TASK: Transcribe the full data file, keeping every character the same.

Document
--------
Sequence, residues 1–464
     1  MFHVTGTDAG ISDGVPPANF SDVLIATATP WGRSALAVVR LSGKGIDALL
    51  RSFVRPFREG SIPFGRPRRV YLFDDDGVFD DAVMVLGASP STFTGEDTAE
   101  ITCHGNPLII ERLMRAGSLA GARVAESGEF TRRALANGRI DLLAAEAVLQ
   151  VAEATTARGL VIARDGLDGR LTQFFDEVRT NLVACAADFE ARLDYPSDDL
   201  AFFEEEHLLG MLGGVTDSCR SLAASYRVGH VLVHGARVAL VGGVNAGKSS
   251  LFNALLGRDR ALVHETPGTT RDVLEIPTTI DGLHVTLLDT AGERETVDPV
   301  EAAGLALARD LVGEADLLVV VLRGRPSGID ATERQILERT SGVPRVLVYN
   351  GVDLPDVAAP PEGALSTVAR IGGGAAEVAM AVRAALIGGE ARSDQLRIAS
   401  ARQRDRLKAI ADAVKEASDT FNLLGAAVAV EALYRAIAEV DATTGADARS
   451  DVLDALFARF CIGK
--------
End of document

Sequence, residues 1–464
     1  MFHVTGTDAG ISDGVPPANF SDVLIATATP WGRSALAVVR LSGKGIDALL
    51  RSFVRPFREG SIPFGRPRRV YLFDDDGVFD DAVMVLGASP STFTGEDTAE
   101  ITCHGNPLII ERLMRAGSLA GARVAESGEF TRRALANGRI DLLAAEAVLQ
   151  VAEATTARGL VIARDGLDGR LTQFFDEVRT NLVACAADFE ARLDYPSDDL
   201  AFFEEEHLLG MLGGVTDSCR SLAASYRVGH VLVHGARVAL VGGVNAGKSS
   251  LFNALLGRDR ALVHETPGTT RDVLEIPTTI DGLHVTLLDT AGERETVDPV
   301  EAAGLALARD LVGEADLLVV VLRGRPSGID ATERQILERT SGVPRVLVYN
   351  GVDLPDVAAP PEGALSTVAR IGGGAAEVAM AVRAALIGGE ARSDQLRIAS
   401  ARQRDRLKAI ADAVKEASDT FNLLGAAVAV EALYRAIAEV DATTGADARS
   451  DVLDALFARF CIGK